Exploring Partnerships: Majority or Minority Ownership?
The following article, written by CFO Darrell Metcalf, first appeared in Impact Magazine. It is reposted here with permission by the Private Practice Section, APTA.
Every day the financial news highlights stories about one company buying another for some unfathomable amount of money. While those big money deals grab headlines, significantly more transactions are occurring at the small business end of the scale. However the dynamics of these transactions are rarely explored.
Perhaps you are a small business owner who hopes to someday transform your years of hard work into a meaningful pay-off, while possibly retaining employment for yourself and/or opportunities for your key employees who helped build your successful operation. What type of structures could help you take some money off the table while retaining or relinquishing control, depending on your goals?
Once you have decided you no longer want to own 100% of your business, the most important decision you will make is what you want the company to look like after you sell all or a portion of it. Establish goals and write them down prior to starting the process. In the midst of satisfying a buyer’s due diligence requests, attempting to negotiate an agreement, continuing to run a business, and swimming with the details of what a lump sum of cash might mean, is not the best time to begin thinking about what you want the final “deal” to look like. Well in advance of identifying potential buyers, you should have 3 to 5 simple goals for the transaction. For example: (1) I don’t want to give up more than a 30% ownership stake; (2) I want to work for at least 5 years after the transaction and make approximately $100,000; (3) My maximum non-compete is 3 years after my employment ends and; (4) I want upside potential if the company continues to grow during my post-sale employment. Having your goals written down in advance will help you hold your course as the sirens of the “deal” begin to sing.
In terms of structure, only one demarcation is meaningful: Will the sale be for a minority or a majority share of your business? Everything in between are simply percentages that define the price that changes hands between buyer and seller.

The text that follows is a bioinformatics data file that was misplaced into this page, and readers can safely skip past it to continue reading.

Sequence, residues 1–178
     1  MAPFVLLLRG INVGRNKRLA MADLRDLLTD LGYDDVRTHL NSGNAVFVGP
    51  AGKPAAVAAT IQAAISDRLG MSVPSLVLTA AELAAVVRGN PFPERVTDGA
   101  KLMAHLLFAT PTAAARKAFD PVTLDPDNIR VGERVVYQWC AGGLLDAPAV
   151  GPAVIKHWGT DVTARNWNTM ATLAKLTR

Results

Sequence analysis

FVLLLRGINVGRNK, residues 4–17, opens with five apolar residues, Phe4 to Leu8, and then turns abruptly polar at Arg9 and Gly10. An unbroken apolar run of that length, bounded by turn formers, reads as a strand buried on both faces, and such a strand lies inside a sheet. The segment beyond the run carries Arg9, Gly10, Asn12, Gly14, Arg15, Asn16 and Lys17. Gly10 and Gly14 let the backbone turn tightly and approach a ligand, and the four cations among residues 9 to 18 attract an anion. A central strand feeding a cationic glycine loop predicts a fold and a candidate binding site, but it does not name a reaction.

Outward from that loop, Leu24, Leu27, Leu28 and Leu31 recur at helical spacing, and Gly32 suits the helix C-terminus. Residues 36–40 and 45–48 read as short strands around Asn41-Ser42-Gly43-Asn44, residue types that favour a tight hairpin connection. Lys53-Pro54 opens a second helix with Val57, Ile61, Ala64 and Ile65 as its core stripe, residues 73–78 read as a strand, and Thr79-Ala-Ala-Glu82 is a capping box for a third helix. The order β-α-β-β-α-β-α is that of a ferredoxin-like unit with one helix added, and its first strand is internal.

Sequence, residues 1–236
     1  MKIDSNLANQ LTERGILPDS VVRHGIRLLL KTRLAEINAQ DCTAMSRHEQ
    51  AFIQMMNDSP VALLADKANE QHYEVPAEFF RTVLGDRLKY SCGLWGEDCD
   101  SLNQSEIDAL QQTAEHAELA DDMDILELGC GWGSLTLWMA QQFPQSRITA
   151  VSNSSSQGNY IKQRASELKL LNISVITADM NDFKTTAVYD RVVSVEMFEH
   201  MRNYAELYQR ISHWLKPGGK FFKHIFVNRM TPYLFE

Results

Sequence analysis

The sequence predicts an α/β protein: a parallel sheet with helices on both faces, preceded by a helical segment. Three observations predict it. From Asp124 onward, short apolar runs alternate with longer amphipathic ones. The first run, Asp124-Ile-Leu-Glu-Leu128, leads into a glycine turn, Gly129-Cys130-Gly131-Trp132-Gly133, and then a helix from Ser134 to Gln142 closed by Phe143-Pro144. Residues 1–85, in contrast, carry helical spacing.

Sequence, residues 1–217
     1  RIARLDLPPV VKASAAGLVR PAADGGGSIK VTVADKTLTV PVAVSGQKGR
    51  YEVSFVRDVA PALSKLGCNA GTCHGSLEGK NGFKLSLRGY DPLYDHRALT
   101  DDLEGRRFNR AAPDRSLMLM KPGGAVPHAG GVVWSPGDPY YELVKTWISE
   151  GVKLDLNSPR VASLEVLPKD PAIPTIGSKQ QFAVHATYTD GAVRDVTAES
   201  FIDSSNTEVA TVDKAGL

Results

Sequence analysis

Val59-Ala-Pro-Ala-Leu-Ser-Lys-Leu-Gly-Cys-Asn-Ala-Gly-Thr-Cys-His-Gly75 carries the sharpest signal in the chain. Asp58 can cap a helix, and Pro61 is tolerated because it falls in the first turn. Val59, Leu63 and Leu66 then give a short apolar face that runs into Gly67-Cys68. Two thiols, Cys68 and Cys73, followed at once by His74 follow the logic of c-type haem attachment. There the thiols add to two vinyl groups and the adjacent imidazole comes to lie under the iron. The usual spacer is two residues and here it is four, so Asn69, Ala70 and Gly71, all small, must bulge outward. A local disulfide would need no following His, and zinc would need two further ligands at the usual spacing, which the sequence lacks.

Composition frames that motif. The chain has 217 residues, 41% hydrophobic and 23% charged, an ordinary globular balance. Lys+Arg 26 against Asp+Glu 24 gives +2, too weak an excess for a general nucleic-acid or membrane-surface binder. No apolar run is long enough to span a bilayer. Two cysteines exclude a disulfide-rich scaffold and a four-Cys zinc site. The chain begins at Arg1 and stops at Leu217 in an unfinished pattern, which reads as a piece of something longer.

Sale of a Majority Stake: If you sell 51% of your business, you have given up control. Irrespective of what a buyer might tell you about their intentions, once you have sold 51% of your business you no longer have control. Yes, protections can be written into agreements, bylaws or operating agreements that require unanimous or high percentages of consent for significant decisions, but the culture you have developed and the way you treat patients each day are defined by small individual interactions and decisions with patients and employees. The processes and procedures that define those interactions are now made by the majority owners.
Sale of a Minority Stake: The possible permutations and structure of a sale of a minority stake are as varied as your imagination and tolerance for incurring legal fees. Most buyers are going to want to acquire at least a 25% stake in your business, if for no other reason than to make it worth their while. Every buyer will want to perform some level of due diligence. A 25% stake is pretty much the entry point to justify the costs that will be incurred to evaluate whether your business is a good investment and will fit within a buyer’s business strategy. Between 25% and 49% the possibilities really come down to how much cash you want and how many conversations will be had if the buyer disagrees with you on strategy.
If you have pre-established your goals, you can be more flexible with the “less important” details of the transaction. Everybody talks about win/win transactions, but the only way for you to measure that is to ensure that you do not give in on something you had pre-established as important. If you do decide to give in on one of your original goals, at least you will have a measuring stick to ensure you received something of equal value in return. Negotiating a sale is a very dynamic process, but as with most things, preparation is the key to a successful result.
Darrell Metcalf, MBA is senior vice president and chief financial officer for RehabVisions. He can be reached at dmetcalf@RehabVisions.com.